Jon Powers is an Iraq veteran and former Chief Sustainability Officer for the U.S. government. He’s also a founder of Operation Free, a coalition of former service members who “advocate for securing America with clean energy.”
This month, he penned a pair of op-eds explaining why the armed forces look to renewable energy to strengthen national security and boost military preparedness. Here are a few highlights:
From the Washington Examiner:
The U.S. military is leading by example in developing and employing smart new clean energy technologies at scale. If the Department of Defense were a corporation, it would be the biggest business in the United States. It manages more than 500,000 buildings with over 2.2 billion square feet. That is over three times the square footage Wal-Mart currently operates.
Energy touches every part of the military’s mission, and domestically it must ensure energy security and reliability to fulfill that mission.
For the Department of Defense, the transition (to renewable energy) is an operational imperative. That is why the Army, Navy, and Air Force are each pursuing an impressive goal to develop one gigawatt of renewable energy to power their installations by 2025 — enough to power about 700,000 U.S. homes. The Navy has already met its goal years ahead of schedule.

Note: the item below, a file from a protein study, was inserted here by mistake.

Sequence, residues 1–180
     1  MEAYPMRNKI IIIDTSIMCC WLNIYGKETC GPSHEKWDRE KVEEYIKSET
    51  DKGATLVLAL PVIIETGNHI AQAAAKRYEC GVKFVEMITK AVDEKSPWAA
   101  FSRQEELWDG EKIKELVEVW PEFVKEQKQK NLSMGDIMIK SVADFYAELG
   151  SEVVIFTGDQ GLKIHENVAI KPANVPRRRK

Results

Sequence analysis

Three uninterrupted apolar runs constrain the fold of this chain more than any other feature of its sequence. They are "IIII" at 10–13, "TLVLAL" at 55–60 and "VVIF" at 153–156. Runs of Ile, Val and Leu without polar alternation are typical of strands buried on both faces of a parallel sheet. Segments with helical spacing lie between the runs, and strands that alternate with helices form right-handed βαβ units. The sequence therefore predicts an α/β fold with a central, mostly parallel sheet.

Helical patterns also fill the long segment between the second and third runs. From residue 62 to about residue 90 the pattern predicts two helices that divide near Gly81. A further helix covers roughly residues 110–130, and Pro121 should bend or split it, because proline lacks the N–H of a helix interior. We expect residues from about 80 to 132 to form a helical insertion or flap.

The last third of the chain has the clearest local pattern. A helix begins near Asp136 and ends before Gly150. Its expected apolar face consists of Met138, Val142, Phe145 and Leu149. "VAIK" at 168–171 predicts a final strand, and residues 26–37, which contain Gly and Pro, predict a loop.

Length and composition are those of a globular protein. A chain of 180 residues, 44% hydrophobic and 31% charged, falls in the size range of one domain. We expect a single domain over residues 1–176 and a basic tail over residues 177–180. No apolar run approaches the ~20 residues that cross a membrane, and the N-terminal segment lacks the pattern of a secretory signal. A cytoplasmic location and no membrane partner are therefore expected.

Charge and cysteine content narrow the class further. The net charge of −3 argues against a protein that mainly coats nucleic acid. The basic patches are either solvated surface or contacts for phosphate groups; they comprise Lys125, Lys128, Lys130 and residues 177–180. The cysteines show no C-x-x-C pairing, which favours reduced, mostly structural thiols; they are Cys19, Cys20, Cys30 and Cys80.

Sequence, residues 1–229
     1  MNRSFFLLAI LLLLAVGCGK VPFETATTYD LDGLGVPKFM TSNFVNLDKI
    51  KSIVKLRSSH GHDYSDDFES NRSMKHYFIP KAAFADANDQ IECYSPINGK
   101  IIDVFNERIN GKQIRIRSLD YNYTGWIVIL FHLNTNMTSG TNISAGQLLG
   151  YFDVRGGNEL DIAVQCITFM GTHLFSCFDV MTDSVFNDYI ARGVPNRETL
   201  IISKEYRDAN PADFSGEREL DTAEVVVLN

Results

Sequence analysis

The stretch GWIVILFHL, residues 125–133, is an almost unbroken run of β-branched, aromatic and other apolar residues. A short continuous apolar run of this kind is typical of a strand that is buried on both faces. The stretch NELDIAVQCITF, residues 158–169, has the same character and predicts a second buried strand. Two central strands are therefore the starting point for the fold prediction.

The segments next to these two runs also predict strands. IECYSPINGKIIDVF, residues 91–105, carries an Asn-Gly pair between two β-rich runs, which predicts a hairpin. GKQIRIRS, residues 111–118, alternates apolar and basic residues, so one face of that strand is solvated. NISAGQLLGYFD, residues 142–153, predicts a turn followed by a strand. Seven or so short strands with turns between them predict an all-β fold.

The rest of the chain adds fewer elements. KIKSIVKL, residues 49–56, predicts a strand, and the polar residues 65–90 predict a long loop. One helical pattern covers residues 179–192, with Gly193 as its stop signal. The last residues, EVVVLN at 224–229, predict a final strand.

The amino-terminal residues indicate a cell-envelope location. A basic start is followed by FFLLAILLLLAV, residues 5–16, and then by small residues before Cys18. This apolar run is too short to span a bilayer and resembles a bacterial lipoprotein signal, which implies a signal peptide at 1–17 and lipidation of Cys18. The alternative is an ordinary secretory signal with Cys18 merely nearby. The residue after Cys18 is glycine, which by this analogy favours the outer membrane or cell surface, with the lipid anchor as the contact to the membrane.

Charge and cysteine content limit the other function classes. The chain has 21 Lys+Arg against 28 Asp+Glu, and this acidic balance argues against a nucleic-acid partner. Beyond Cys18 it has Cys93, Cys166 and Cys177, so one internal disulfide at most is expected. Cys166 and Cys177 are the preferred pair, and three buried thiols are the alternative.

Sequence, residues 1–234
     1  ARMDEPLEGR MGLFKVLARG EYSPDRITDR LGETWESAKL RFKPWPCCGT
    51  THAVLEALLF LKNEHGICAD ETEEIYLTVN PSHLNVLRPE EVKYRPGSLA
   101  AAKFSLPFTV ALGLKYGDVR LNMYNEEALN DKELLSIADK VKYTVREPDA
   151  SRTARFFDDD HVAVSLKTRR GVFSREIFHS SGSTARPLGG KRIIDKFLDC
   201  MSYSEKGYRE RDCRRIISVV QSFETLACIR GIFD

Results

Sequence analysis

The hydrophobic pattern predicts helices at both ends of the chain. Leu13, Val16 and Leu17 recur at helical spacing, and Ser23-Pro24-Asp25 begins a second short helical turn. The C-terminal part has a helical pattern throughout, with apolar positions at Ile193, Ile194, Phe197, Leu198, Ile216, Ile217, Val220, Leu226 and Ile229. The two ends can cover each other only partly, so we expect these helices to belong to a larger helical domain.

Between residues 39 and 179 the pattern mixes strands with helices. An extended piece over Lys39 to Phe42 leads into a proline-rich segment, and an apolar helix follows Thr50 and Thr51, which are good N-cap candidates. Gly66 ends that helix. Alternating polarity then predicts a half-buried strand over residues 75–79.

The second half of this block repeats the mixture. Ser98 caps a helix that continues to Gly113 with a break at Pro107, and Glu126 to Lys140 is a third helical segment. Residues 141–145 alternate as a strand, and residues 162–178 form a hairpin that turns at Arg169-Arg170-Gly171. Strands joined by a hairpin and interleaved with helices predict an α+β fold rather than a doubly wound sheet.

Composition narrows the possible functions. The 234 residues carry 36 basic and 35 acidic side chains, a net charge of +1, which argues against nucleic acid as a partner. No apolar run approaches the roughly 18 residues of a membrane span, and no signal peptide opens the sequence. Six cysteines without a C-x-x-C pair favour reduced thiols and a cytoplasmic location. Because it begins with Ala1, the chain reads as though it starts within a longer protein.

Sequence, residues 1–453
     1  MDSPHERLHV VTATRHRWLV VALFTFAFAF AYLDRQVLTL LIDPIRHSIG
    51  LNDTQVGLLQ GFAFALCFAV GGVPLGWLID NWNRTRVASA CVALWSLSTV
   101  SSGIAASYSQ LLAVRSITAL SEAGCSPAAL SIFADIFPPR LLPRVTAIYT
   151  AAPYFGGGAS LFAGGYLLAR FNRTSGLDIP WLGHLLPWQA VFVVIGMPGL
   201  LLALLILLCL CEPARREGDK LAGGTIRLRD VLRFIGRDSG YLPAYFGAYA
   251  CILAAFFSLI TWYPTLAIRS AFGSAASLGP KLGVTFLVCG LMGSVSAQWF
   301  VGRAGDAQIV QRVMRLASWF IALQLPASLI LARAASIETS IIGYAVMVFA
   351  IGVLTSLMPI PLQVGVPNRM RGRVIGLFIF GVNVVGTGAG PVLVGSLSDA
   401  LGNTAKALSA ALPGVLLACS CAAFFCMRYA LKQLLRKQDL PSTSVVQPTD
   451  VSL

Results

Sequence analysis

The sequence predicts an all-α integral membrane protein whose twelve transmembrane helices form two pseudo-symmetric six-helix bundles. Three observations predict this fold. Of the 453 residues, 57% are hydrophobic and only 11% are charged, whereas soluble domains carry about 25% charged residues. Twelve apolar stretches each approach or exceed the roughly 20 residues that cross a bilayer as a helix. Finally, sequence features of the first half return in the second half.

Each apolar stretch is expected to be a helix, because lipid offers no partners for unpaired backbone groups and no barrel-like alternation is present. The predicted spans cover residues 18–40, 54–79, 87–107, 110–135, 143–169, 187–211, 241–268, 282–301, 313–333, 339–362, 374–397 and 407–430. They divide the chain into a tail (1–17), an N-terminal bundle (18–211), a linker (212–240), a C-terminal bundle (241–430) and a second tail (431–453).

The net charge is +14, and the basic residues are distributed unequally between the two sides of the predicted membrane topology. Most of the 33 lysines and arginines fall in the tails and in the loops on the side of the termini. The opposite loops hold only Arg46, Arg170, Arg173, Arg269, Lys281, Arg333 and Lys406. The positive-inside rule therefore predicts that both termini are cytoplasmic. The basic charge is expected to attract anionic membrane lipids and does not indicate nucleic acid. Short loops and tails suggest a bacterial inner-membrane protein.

Building a modern energy system that makes use of our plentiful renewable resources and American ingenuity is key to our grid security and national security…
This year, the U.S. Army contracted solar and wind to power about half of Fort Hood’s operations, the largest active-duty armored post in the U.S. It did so for security reasons- to ensure that the base has access to power if the grid is attacked, for instance- and will save taxpayers millions in the process.
From Greentech Media:
A diversified energy portfolio that includes renewable generation creates a more resilient grid.
The added security provided by renewables is why everyone — from the military to Fortune 100 companies — is finding ways to use clean reliable distributed power systems to support their operations…
I first began to understand the importance of energy security while deployed to Iraq as part of Operation Iraqi Freedom. Life-changing experiences on the ground in Baghdad led me to a career focused in this area…
Fort Hood is just the latest example of the military’s growing interest in renewable energy. The Navy met its goal of producing 1 gigawatt of renewable energy ahead of its target…
To stress the importance of energy security, last year the Navy changed the name of its “Renewable Energy Program Office,” which is responsible for those contracts, to the Resilient Energy Program Office.
(Renewable energy is) already working for the military and the biggest corporations in the world.